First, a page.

Gordon James charts some of the frustrations accompanying the present restrictions on the National Assembly’s legislative powers
At its birth, the National Assembly for Wales quickly flexed its fledgling muscles to show that it was able, not just to steer a different course to Westminster on an issue, but to directly influence UK policy. Friends of the Earth Cymru’s GM-Free Wales campaign won instant cross-party support in 1999, and by 2004 enabled Wales’ Agriculture Minister, Carwyn Jones, to turn down a request to add a GM maize variety to the list of seeds accepted for sale in the UK. A week later, Bayer CropScience withdrew plans for the commercialisation of its GM crop in the UK as it had failed, as required by EU legislation, to gain the support of the regional governments.
This success not only demonstrated the Assembly’s intention to pursue a greener route than Westminster, but also encouraged the self-confidence needed to achieve it. But powers in other areas are more limited than this one-off victory implied, and have caused a significant break on Wales’ environmental ambitions.
The mind-numbingly laborious Legislative Competence Order (LCO) process has ensured that politicians and campaigners in Wales are only able to squeeze miniscule powers out of Westminster. And these small gains take years to go through the system. The Sustrans Cymru attempt to have an LCO to encourage local authorities to improve facilities for walkers and cyclists is still ongoing, having begun its journey in 2007. Similarly, the devolution of Building Regulations, a long sought after power and key One Wales commitment, will now finally be achieved on 31 December 2011.
Early on, attempts were made to overcome the lack of devolved powers in most aspects of energy policy by the subtle tweaking of economic and planning policies. For instance, the Assembly’s Economic Development Committee produced reports that sought to steer Wales ambitiously in the direction of becoming “a global showcase for clean energy developments”.
The 2005 ‘Planning for Renewable Energy TAN 8’ played a central role in attempting to deliver the Welsh Government’s target of generating 10 per cent of Wales’ electricity from renewables, mainly onshore wind, by 2010. This fell short of delivery of onshore wind by almost 80 per cent.
In a devolved energy policy area – the funding of energy efficiency schemes – the government in Wales has been more successful. It has stolen a march on its English counterpart by its more ambitious funding and implementation of programmes, such as the Home Energy Efficiency Scheme and Arbed, which are expected to inject around £1 billion into energy saving over the next decade.
In a number of other policy areas, Wales’ green ambitions eclipse those of its neighbour. The following objectives all reflect Wales’ greater commitment to the environment:
- 70 per cent waste recycling by 2025.
- Cutting greenhouse gas emissions in areas of devolved power by 40 per cent by 2020.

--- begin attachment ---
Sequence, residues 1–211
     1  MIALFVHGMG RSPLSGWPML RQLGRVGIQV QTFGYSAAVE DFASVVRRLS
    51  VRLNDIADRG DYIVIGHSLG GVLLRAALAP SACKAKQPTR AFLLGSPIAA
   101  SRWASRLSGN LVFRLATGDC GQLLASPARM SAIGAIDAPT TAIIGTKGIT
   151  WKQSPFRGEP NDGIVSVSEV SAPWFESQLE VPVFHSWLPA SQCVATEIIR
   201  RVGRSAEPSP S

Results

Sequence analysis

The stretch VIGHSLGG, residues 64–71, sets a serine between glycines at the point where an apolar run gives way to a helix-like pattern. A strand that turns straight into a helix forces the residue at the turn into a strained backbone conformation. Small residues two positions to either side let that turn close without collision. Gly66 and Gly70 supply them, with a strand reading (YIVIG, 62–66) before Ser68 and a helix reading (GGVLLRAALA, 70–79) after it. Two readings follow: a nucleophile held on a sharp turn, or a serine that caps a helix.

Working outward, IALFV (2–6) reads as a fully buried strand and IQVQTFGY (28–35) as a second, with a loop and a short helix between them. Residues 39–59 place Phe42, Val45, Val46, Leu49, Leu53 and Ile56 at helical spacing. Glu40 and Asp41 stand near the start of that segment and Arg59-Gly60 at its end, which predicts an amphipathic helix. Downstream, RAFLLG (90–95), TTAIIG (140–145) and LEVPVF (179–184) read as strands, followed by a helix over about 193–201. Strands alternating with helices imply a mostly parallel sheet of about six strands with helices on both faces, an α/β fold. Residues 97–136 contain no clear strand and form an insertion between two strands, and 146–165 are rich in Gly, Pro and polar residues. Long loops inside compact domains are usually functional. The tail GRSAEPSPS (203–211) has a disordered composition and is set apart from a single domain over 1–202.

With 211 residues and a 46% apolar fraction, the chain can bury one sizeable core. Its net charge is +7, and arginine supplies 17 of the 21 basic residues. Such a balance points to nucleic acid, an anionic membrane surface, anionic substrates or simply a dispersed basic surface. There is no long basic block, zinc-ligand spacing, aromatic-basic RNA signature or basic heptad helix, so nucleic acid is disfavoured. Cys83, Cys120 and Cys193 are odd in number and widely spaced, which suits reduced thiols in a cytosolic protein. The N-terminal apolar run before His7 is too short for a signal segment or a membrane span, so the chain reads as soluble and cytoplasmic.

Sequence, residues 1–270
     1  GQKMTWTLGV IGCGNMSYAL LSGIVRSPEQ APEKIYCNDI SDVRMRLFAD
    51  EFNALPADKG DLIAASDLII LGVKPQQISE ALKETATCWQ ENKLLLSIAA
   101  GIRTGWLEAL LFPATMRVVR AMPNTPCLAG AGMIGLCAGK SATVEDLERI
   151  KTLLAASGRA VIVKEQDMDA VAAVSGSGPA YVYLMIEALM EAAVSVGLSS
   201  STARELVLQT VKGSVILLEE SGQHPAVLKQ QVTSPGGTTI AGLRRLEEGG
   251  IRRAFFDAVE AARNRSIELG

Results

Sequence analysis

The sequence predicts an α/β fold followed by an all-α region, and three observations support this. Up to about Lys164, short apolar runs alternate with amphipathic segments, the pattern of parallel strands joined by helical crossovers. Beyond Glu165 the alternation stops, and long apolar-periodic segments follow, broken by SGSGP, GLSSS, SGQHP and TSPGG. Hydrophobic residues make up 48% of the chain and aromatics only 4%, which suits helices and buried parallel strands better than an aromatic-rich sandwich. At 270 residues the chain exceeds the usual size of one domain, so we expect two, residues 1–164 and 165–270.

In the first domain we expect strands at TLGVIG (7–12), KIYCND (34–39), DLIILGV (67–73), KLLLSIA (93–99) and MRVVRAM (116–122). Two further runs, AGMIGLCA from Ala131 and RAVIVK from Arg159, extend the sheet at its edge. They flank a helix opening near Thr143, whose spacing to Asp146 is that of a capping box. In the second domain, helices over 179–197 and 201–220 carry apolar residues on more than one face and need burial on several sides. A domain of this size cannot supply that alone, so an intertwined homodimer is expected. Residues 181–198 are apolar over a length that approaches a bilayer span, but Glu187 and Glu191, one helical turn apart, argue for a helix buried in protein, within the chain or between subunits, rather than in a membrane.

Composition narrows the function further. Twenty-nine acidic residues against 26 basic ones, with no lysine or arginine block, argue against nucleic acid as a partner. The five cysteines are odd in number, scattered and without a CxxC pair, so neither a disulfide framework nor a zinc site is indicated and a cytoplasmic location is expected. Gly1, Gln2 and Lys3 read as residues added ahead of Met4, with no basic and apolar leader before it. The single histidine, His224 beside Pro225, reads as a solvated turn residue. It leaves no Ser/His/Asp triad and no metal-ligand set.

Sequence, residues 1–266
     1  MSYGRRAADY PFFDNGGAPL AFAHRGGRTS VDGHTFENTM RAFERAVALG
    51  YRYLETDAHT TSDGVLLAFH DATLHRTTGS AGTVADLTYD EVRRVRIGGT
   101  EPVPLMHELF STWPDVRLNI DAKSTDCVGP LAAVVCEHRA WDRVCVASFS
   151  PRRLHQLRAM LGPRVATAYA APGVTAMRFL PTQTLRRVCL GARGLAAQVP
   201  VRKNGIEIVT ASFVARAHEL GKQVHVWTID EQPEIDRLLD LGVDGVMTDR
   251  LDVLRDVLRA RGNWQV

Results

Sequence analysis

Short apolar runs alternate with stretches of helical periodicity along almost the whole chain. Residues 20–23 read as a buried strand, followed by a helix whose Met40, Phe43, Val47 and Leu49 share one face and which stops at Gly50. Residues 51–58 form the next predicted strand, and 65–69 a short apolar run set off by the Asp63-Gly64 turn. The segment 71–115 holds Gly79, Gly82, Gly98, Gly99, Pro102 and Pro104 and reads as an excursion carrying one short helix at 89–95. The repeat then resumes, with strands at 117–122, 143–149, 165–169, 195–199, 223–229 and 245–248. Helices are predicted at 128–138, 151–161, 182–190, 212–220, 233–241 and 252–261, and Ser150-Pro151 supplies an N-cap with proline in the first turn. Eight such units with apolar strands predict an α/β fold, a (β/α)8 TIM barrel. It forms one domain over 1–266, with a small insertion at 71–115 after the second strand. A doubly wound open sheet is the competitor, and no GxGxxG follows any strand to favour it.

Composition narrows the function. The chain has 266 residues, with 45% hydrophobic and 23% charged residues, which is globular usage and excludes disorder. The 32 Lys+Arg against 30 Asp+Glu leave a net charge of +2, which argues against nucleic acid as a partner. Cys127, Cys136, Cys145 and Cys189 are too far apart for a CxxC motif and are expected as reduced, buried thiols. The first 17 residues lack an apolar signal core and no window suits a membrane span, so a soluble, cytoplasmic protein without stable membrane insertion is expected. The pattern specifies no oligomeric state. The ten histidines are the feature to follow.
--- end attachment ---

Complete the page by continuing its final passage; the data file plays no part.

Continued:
- Being self sufficient in electricity from renewable sources by 2025.
- Remaining GM free
- Ensuring that all new buildings are zero carbon from 2013 (compared with 2016 in England).
However, a closer examination of these ambitions exposes a worrying dependence on Westminster in many areas.
Almost before the ink was dry on the Welsh Government’s 2010 Energy Policy Statement, it suffered a severe blow. The Westminster Government announced it was putting on hold all tidal developments in the Severn estuary, which were meant to make a significant contribution to Wales’ renewables target. Instead, the London Government opted to support nuclear power, which was absent from the Welsh policy.
The Welsh Government’s much vaunted Climate Change Strategy disappointed in that only around a third of its 3 per cent a year cut in greenhouse gas emissions would be delivered directly from Welsh policies. The One Wales agreement had promised that the full 3 per cent would be achieved in areas of devolved competence.
The National Assembly has already served too long an apprenticeship. Acquiring full law-making powers in areas of devolved competence next March is an essential step forward in enabling Wales to become a leader in delivering meaningful environmental progress, and benefiting from the huge opportunities of the green economy.
It should also be seen as an important stepping stone to acquiring responsibility for all energy policies.
In a recent paper the architect of Friends of the Earth’s GM Free Cymru policy, environmental barrister Peter Roderick has proposed innovative ways of securing a healthy environment (WWF, Taking the Longer View). One suggestion is that governments, including here in Wales, could use law-making powers to introduce an Environmental Bill of Rights. This would establish the substantive human right to live in a healthy environment and to have it protected for the benefit of present and future generations. As this would be a right, as opposed to a duty, it would enable those alleging violation of a right to go to court to enforce it.
Assuming a Yes vote tomorrow, what an opportunity this would present for our small nation to use its newly won powers to gain real progress for its environment and people.